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Publication numberUS3324562 A
Publication typeGrant
Publication dateJun 13, 1967
Filing dateApr 14, 1965
Priority dateApr 14, 1965
Publication numberUS 3324562 A, US 3324562A, US-A-3324562, US3324562 A, US3324562A
InventorsKelso John W
Original AssigneeUnited States Steel Corp
Export CitationBiBTeX, EndNote, RefMan
External Links: USPTO, USPTO Assignment, Espacenet
Thread gage
US 3324562 A
Abstract  available in
Images(4)
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Claims  available in
Description  (OCR text may contain errors)

J. \N. KL'LSO THREAD GAGE 4 Sheets-Sheet 1 Filed April 14, 1965 Affarney Jum 13, 1%? .J. w. KELSO 3,

THREAD GAGE Filed April 14, l965 4 Sheets-Sheet 2 I Afforney J. W. KELSO THE June R3, 19%? EAD GAGE 4 Sheets-Sheet 15 Filed April 14, 1965 R m0 W m m EH 0 W M my H 0 k W .J. W. KELSO THREAD GAGE June H3 19%? 4 Sheets-Sheet 4 Filed April 14, 1965 Attorney 3,324,562 THREAD GAGE John W. Kelso, Dravosbnrg, Pa, assignor to United States Steel (Iorporation, a corporation of Delaware Filed Apr. 14, I965, er. No. 448,040 9 Claims. (Cl. 33-199) This invention relates to thread-testing apparatus, more particularly, to apparatus for automatically inspecting the threaded portion of a workpiece.

The development of high-speed threading machines has made it necessary to comparably increase the speed of thread inspection. After threading pipe, for example, it is often desirable to inspect each threaded end to assure excellence of the product and to shut down the threading machine quickly when a thread does not meet specificatrons.

It is an object of the invention to provide thread-testing apparatus for automatically inspecting the elements of any form of external thread on any type of product.

It is a more specific object of invention to provide thread-testing apparatus for inspecting pipe thread elements such as pitch, form, depth and the like.

In a preferred embodiment, I provide threadtesting apparatus comprising a car or carriage adapted to travel longitudinally of the threaded portion of a workpiece. A vertically reciprocable frame supported on the car has a thread-engaging surface thereon. A vertically reciprocable second frame mounted in the first frame has mounted thereon thread-testing styli adapted to inspect the thread for pitch, form and depth. Means are provided for raising and lowering the frames toward and away from respective operative positions relative to the threaded portion. The thread-engaging surface and styli are so mounted with respect to each other that, when said surface engages the threaded portion, the styli are correctly positioned to engage the threaded portion. Means are pro vided to indicate thread-test results when actuated in proportion to the movement of the respective styli to the point of engaging the threaded portion.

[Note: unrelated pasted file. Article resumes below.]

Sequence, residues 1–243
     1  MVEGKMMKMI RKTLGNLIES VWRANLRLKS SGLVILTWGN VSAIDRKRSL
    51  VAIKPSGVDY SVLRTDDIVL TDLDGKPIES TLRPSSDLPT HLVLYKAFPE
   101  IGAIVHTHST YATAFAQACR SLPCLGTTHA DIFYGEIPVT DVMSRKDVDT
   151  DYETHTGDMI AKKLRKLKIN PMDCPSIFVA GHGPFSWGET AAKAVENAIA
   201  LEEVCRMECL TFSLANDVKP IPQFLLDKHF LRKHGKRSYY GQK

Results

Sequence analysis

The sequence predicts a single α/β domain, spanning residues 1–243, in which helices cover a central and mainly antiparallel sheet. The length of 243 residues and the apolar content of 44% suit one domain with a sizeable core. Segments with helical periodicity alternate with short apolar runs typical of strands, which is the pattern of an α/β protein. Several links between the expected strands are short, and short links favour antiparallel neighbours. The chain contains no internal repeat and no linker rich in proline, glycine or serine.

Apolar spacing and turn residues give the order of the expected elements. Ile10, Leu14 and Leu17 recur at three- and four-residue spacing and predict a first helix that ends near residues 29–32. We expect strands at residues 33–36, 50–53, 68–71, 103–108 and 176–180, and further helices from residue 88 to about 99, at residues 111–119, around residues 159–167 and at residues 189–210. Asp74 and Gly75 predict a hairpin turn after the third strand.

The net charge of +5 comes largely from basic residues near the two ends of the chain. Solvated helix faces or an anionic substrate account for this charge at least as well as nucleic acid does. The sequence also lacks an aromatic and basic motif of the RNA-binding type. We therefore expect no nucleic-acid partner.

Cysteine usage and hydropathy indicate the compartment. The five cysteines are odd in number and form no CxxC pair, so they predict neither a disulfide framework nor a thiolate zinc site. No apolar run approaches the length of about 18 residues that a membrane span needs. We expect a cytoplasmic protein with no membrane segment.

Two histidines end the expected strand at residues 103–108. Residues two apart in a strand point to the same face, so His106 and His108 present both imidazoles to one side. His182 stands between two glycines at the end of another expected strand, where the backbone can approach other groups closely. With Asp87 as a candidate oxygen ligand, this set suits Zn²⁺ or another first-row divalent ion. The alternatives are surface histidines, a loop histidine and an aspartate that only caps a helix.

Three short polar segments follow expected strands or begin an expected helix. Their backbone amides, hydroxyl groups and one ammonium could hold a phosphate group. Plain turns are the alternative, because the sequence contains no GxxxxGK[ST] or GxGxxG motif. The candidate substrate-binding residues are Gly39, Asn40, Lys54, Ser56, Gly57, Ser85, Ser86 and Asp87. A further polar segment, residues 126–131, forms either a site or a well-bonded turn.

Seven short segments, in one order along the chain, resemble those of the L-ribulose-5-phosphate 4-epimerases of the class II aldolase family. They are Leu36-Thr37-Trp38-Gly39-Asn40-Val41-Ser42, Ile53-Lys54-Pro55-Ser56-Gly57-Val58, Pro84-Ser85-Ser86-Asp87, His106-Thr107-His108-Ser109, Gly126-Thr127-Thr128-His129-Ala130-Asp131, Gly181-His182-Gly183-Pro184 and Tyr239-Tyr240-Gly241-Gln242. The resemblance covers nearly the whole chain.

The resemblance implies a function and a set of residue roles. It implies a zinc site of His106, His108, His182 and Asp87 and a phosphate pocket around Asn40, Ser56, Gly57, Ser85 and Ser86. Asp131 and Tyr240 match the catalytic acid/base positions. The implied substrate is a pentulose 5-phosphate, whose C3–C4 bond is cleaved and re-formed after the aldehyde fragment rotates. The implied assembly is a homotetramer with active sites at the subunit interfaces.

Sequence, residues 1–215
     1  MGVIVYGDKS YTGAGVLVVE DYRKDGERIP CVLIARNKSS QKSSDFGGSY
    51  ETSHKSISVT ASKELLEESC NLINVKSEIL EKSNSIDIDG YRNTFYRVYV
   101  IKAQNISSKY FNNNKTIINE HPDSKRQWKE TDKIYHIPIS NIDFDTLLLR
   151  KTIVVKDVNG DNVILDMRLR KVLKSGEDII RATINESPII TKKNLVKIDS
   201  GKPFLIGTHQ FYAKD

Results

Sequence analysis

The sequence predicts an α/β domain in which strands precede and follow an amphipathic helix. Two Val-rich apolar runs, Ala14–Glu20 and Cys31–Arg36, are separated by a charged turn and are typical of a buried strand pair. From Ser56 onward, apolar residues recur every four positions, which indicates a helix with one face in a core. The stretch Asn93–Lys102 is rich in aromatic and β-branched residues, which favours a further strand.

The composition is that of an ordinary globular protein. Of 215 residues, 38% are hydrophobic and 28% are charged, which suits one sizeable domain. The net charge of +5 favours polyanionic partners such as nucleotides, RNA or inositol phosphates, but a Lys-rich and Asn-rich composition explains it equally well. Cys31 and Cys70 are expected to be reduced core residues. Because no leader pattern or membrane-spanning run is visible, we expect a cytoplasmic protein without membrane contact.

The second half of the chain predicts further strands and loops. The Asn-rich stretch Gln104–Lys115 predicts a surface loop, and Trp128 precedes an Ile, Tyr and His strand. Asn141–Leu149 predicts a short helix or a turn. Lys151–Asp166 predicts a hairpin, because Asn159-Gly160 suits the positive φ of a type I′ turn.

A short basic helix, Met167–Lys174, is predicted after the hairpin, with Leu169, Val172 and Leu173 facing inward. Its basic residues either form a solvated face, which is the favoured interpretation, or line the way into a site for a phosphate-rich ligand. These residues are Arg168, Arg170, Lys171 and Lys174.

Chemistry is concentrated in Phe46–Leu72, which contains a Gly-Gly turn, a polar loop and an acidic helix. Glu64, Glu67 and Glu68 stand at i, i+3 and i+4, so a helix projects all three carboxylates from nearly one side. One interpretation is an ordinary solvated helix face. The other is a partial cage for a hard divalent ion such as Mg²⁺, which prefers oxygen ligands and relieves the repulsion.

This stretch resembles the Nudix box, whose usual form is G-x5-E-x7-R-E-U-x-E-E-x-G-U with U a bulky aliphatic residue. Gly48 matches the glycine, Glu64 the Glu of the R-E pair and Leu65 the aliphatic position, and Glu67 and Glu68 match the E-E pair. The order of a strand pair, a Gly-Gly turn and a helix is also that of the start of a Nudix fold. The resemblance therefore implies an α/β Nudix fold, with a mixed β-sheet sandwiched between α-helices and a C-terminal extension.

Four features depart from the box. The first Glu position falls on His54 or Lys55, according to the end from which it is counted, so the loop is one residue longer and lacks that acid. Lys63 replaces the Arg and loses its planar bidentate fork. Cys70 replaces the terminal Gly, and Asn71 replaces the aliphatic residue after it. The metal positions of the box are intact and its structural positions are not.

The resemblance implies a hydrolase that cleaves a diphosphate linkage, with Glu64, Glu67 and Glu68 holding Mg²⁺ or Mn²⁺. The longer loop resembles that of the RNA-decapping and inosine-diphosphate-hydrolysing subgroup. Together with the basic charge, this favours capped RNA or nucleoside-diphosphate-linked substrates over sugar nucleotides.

These and other objects, embodiments and advantages of the invention will become apparent from the following detailed descriptions and drawings. In the drawings:

FIGURE 1 is a side elevation of a preferred form of thread-testing apparatus according to the present invention showing its relation to a threaded portion of a pipe length prior to testing;

FIGURE 2 is an enlarged view of a portion of FIG- URE l, in vertical section, showing the relationship of the apparatus to a threaded portion of a pipe length during a test;

FIGURE 3 is an enlarged plan view taken along line III1II of FIGURE 1;

FIGURE 4 is a vertical section taken along line IV-IV of FIGURE 2;

FIGURE 5 is an enlarged plan view of the vertically reciprocable frames and thread-testing styli;

FIGURE 6 is a vertical section taken along line VI-VI of FIGURE 5;

FIGURE 7 is a vertical section taken along line VIL- VII of FIGURE 5;

FIGURE 8 is a vertical elevation, partly in section, taken along line VIIIVIII of FIGURE 5; and

FIGURE 9 is an enlarged side elevation showing the 3,324,562 Patented June 13, 1967 relationship during a test of the thread-testing styli and the perfect threads of a threaded portion of a pipe shown in section.

As shown in FIGURES 1-3, a pipe length 10 has a threaded end portion 11. Pipe length 10 is rolled sidewise or laterally into a testing position, stopped and held in position by known transfer means, not shown. Length 10 rolls on a wear plate 12 supported on a beam 13 and is held in a testing position thereon.

The preferred thread-testing apparatus comprises an open-top, generally rectangular car or carriage 14 mounted on a pair of spaced blocks 15, respectively slidable on a pair of spaced ways 16 mounted on a pair of spaced, vertical web plates 17. Car 14 comprises a rectangular base plate 18, shown as integral with and supporting three Walls or sides 19 and a fourth wall 18a. A fluid-pressure cylinder 20 is mounted on an angle iron 21, supported on a transverse, vertical plate 22, extending between web plates 17. A bracket 23 attached to car 14 and to a piston 24 of cylinder 29 allows the cylinder to reciprocate the car on ways 16 and thus to travel longitudinally of the threaded portion 11. Fluid-pressure cylinder 20 may be operated manually or by other means, for example, by pipe length It) actuating a valve or switch, not shown.